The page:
A year later, Windigo still wait for their WESG prize
The Bulgarian team won $500,000 after topping the international tournament but have yet to see a dime; WESG claims bank regulations and coronavirus outbreak have delayed the payment process.
March 17, 2019 was the day that changed Bulgarian esports forever. Windigo, then ranked just 30th in the world, capped off a dream run at the WESG 2018 Finals with a 2-1 victory over Polish side AGO in the tournament final after previously upsetting MIBR (then world No.5) and G2 (No.17). It was a day that will forever be etched into the memories of those players, who won $500,000 — the third-largest prize in Counter-Strike history.
It was also the day when things began to fall apart.
Just seven months later, Windigo ceased all operations, citing cash-flow issues after not having received prize money from several tournaments, WESG included. It was a surprising announcement, though not because the team had been doing well: in the months that had followed that incredible run in Chongqing, Windigo had been unable to cement their status as a top 20 side, a victory at Moche XL Esports being the only positive as the team desperately attempted to challenge for a spot at the big boys’ table. As Windigo closed their doors, the team were 40th in the world rankings, 27 places down from their peak position, and had just three-fifths of the WESG-winning roster, with four different players having been tested as part of the organisation’s international experiment.
The $125,000 that the organisation is owed (25 per cent of the total prize) would have been enough to keep it afloat — or so claims Artur Yermolayev, one of the Windigo's founders and owners, who explains that, after winning the WESG event, the team demanded better conditions. With practically no sponsors to help ease the burden — their website, which has now been taken down, only shows one partner, a betting company — Windigo’s finances quickly deteriorated. "The players got a big confidence boost after the tournament, they understood that they were performing at a different level," Mr. Yermolayev tells HLTV.org. "In order to keep the squad, we had to increase their salaries. We were lacking cash flow, and the main reason for that was the [WESG] prize; it was the largest prize our organization had ever won. This would have been the cash flow that would have allowed us to stay in the game."
In the announcement of Windigo’s closure on Reddit, Maksym Bednarskyi, the other co-owner, had told the same tale: that the unpaid prize money had forced the organisation’s hand. However, he had also pointed the finger at two other tournament organisers, E2Tech, which ran Moche XL Esports, and ESL.
E2Tech was quick to reject Windigo's accusation and explained that the payment had been returned by the bank due to "unknown reasons". Similarly, a representative from Alibaba, the Chinese company that is behind WESG, told The Esports Observer that its payment had been "sent back multiple times". Both tournament organisers had run into the same problem: the bureaucratic nightmare caused by the fact that Windigo’s company registration, tax filing information and receiving bank were from different countries.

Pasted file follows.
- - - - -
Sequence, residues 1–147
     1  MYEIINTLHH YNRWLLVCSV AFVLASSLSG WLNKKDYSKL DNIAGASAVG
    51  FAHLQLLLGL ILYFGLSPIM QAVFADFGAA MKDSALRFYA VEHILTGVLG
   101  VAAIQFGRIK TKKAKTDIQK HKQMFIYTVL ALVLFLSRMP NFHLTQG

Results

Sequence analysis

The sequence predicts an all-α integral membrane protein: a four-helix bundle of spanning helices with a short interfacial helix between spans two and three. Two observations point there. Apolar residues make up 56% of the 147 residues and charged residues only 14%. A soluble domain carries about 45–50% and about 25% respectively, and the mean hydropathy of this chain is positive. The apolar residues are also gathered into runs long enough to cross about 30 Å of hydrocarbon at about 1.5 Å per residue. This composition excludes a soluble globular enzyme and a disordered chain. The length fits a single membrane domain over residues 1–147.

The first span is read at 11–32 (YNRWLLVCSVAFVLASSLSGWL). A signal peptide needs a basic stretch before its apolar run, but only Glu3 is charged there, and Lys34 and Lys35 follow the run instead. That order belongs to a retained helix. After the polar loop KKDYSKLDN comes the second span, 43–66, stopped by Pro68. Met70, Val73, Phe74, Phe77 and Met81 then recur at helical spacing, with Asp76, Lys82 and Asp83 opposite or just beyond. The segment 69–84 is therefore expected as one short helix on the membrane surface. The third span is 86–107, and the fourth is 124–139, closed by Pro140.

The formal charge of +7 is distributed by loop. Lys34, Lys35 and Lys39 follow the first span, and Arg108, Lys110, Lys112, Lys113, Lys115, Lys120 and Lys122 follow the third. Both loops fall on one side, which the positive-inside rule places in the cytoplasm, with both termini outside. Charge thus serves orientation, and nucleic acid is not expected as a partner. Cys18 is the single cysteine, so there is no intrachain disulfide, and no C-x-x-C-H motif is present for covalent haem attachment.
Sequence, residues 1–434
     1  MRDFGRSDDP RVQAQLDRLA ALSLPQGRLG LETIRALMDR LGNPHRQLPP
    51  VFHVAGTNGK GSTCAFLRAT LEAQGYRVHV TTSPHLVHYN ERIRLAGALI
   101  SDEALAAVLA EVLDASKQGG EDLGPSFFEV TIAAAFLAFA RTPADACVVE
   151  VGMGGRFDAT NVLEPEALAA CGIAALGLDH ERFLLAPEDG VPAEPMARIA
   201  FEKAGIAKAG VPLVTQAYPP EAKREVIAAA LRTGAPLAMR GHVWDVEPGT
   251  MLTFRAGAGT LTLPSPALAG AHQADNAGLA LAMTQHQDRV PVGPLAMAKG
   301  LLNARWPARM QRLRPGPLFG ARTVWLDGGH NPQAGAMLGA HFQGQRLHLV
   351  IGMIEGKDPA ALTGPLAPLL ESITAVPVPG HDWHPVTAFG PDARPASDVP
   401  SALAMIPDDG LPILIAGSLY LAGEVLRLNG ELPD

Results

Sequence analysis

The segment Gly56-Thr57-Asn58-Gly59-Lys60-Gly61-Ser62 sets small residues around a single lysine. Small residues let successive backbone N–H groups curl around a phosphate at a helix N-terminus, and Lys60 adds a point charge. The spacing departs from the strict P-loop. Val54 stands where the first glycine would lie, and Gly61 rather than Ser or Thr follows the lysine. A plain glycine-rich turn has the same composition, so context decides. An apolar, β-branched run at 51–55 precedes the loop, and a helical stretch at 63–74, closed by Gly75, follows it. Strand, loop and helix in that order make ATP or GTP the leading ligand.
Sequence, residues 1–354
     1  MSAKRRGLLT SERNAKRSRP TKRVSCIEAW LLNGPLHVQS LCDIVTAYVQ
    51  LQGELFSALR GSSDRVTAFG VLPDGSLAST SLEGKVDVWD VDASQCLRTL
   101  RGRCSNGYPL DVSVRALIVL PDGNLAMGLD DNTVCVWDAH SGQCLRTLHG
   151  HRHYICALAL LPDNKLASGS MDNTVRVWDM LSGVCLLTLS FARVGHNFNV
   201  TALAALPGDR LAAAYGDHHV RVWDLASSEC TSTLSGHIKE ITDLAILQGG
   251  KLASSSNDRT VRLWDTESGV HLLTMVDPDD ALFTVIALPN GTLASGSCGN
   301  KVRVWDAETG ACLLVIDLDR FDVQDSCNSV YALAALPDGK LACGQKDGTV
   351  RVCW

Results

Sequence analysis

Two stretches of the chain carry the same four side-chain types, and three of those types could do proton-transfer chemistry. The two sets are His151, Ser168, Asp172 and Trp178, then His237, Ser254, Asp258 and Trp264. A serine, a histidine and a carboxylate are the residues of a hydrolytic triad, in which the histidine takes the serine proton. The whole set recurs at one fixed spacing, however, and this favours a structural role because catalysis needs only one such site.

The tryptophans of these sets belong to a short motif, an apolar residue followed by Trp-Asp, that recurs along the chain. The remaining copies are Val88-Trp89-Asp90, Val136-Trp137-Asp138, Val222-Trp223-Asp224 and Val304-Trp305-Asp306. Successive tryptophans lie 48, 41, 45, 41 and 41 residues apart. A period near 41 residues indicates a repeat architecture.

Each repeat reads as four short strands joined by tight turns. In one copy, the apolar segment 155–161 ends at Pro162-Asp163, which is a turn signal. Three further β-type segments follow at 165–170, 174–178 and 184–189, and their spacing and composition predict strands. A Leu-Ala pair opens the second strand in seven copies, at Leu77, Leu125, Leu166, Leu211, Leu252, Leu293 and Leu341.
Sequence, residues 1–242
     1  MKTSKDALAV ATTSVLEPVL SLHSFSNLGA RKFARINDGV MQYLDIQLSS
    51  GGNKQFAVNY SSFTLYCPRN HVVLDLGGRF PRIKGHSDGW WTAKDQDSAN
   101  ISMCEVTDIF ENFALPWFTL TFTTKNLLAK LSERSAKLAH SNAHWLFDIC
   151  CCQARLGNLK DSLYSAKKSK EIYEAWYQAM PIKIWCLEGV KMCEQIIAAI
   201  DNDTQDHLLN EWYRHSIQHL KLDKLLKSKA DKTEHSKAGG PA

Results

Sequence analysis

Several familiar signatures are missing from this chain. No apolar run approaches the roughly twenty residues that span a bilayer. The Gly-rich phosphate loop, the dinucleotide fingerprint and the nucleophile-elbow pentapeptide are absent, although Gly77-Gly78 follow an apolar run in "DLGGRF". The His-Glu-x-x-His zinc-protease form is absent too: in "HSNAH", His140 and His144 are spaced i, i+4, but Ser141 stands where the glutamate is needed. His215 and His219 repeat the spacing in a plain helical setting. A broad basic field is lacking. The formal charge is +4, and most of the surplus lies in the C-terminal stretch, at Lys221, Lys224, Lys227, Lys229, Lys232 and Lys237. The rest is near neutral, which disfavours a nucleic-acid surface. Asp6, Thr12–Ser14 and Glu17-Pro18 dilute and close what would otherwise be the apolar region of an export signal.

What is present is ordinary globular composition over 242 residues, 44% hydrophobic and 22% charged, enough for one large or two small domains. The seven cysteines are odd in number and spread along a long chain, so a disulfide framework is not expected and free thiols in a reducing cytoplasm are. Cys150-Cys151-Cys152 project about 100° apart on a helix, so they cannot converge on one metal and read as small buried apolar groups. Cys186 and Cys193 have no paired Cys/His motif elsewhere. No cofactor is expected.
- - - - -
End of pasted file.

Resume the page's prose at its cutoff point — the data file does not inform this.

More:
"These problems are pretty normal for the CIS region when the legal address of the organization is located in a different country, usually Hong Kong or Cyprus. In our case, it was Hong Kong," Mr. Yermolayev explains. "The management was working out of Ukraine, the players were based in Bulgaria and bootcamped in Ukraine, and the funds were supposed to be sent from China."
To overcome this hurdle, Windigo created a new bank account, one that they assure has no issues with overseas remittances. By then, the organisation had already closed their doors, so all expenses came out of the old management's pockets. But new obstacles continued to emerge. First, it was the daily protests of hundreds of thousands of people in Hong Kong, who demonstrated against the country's extradition bill. Mr. Yermolayev says that this delayed the prize money payment, though he claims WESG never really explained why. And then the novel coronavirus emerged in the city of Wuhan, bringing every sector of the Chinese economy to a halt. On January 22, WESG became the first tournament organiser to revise its strategy as a result of the ongoing health crisis as it postponed the Asia-Pacific Finals, scheduled for February 16-18 in Macau. The World Finals, which were due to be held in the first quarter of the year in China, have been postponed indefinitely, and there are doubts as to whether the event will ever take place as WESG remains tight-lipped about the future of the competition.
Communication with WESG wasn’t always easy or timely in the final months of 2019, but things got even worse after China entered a coronavirus lockdown. Windigo claim that they were promised that the wire transfer would go ahead after February 24 as banks in China were closed and staff members remained at home as part of the country’s social distancing measures. But since that deadline expired, WESG has remained evasive when asked about updates. Viane, an Alibaba employee who has been the primary contact with Windigo from the start, revealed in her latest email that she remains on sick leave with limited email access until May 15.